BIPOC Mental Health Month
July is Black, Indigenous and people of color (BIPOC) Mental Health Month. People who belong to these groups have historically been underrepresented in many areas of medical care, including mental health. Breaking down barriers to mental health care in these communities is crucial in helping all people recover and receive the care they deserve for a longer, healthier, happier life.
Common barriers to mental health care in BIPOC communities
- Less likely to have access to mental health services
- Less likely to seek out services
- Less likely to receive needed care
- More likely to receive poor quality of care and
- More likely to end services prematurely.
These statistics signal a need for culturally-sensitive care, resource sharing and community building among mental health providers and community members.
- Seeks and chooses treatment
- Perceives their symptoms
- Interacts with stigma
- and follows treatment plans.
Sharing mental health resources in a patient’s native language and providing an interpreter in a clinical setting are crucial steps toward culturally-sensitive resource sharing about mental health.
In an effort to make Mental Health 417 resources accessible, every place you see this widget can be translated to a wide selection of languages:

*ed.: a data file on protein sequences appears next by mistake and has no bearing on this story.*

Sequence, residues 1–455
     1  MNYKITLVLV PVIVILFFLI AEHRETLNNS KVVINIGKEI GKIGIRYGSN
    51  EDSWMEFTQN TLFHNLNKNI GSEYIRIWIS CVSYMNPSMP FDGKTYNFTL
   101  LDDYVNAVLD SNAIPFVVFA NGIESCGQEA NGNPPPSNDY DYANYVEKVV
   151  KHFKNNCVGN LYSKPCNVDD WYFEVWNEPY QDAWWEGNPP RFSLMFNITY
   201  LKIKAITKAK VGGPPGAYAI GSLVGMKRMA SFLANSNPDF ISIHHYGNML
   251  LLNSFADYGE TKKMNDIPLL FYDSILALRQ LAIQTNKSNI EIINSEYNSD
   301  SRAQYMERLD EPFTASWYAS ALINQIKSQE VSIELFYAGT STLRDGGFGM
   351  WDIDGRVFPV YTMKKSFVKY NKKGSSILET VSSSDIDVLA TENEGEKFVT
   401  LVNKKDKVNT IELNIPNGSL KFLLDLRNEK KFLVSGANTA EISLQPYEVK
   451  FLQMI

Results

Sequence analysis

Connecting with other people is a critical aspect of mental health maintenance and care. For BIPOC communities, finding friends, providers and groups of people with similar cultural backgrounds helps provide a stronger sense of belonging and a feeling of solidarity.
Local community care
Finding services where you feel supported can help your overall mental wellbeing. Community care can offer this kind of support. According to Mental Health America, “Community care focuses on the connections, intentional actions and efforts to mobilize individuals to support one another.”
Many local partners are committed to community care. Explore options below: